Clovis I (c. 466 – 511)
Son of Childeric I and Basina, Queen of Thuringia
Although his Catholic wife Clotilda ultimately convinced Clovis to convert to Catholicism, he was interested for a time in Arian Christianity and was sympathetic to it. His own conversion to Catholicism was personal and not a mass conversion of his peoples (many of whom were already Catholic), but the event had a profound influence on the nation and its relationship to the papacy. Clovis convoked a national Church council at Orléans, in which he participated significantly.
The Law of the Salian Franks (Pactus Legis Salicae) was a written code that most likely originated during the reign of Clovis. It combined customary law, Roman law and royal edicts, and it followed Christian ideals. Salic Law would influence French and European law for centuries.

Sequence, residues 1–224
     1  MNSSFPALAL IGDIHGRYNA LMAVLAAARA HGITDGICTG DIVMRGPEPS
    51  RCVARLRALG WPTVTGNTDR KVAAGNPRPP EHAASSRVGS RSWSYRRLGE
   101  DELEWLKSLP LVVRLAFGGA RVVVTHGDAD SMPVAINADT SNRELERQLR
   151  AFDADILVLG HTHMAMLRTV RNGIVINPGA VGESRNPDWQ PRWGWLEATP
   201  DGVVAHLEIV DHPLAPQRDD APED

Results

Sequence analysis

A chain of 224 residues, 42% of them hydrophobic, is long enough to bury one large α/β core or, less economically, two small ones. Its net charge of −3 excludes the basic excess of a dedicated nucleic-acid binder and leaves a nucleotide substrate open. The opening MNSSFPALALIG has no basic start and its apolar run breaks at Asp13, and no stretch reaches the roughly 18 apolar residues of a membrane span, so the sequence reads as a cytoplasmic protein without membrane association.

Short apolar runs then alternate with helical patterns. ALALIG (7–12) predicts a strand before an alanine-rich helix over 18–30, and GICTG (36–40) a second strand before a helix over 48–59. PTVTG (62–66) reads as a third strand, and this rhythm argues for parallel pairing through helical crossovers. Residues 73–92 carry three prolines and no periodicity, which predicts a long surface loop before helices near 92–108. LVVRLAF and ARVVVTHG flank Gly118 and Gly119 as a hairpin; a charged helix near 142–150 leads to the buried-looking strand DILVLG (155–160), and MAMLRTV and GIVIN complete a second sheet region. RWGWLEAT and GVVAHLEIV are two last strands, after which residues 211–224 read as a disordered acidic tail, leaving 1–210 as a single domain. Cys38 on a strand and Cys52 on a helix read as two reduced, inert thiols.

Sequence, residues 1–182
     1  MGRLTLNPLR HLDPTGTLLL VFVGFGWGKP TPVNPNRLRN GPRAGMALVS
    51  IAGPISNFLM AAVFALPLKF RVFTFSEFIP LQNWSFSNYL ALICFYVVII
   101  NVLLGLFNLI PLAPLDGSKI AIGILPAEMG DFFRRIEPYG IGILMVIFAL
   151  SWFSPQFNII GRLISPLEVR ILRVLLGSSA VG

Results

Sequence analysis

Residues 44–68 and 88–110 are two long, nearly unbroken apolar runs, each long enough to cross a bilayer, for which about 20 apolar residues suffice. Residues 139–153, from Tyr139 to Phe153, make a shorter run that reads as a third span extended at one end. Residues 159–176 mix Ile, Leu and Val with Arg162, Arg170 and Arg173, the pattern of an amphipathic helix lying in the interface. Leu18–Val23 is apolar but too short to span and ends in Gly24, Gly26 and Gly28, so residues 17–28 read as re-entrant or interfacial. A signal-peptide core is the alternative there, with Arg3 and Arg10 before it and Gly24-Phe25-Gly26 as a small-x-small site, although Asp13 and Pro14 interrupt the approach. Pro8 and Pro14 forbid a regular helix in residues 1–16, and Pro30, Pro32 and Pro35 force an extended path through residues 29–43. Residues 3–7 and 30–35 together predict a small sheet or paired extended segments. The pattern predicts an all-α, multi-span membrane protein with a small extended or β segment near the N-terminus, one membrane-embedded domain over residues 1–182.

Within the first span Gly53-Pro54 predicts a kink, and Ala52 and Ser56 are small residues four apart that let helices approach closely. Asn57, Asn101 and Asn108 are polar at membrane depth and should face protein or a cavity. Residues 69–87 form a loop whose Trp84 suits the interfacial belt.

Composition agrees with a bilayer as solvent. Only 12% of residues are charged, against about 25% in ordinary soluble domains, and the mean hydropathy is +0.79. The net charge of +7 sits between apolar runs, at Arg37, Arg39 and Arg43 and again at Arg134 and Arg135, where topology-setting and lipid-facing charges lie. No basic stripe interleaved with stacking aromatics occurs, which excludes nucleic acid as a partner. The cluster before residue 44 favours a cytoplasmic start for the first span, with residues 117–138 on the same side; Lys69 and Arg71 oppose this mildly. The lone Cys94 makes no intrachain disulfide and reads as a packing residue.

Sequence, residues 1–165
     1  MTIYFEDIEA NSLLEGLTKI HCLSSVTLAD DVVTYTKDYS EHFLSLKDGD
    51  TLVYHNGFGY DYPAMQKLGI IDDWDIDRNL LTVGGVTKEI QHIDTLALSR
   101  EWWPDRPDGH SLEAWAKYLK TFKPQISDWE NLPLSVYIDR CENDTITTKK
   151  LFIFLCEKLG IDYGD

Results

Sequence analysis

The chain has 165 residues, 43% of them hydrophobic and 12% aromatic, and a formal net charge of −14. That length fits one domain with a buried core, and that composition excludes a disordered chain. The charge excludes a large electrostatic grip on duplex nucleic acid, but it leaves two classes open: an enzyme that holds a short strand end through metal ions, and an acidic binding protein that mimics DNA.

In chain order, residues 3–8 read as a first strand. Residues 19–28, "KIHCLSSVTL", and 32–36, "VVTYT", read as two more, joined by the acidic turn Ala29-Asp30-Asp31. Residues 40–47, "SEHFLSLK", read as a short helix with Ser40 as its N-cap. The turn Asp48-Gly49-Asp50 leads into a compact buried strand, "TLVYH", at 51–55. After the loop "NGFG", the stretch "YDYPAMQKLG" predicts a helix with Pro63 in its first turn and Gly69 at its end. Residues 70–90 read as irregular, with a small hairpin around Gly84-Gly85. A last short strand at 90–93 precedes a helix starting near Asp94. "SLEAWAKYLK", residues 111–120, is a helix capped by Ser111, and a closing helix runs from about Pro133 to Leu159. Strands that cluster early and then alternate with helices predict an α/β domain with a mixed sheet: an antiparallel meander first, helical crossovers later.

The life and reign of Clovis was chronicled by Bishop Gregory of Tours more than half a century after the death of the king. Recent scholarship has revealed some errors in Gregory’s account, but it still stands as an important history and biography of the great Frankish leader.
The name Clovis would later evolve into the name “Louis,” the most popular name for French kings.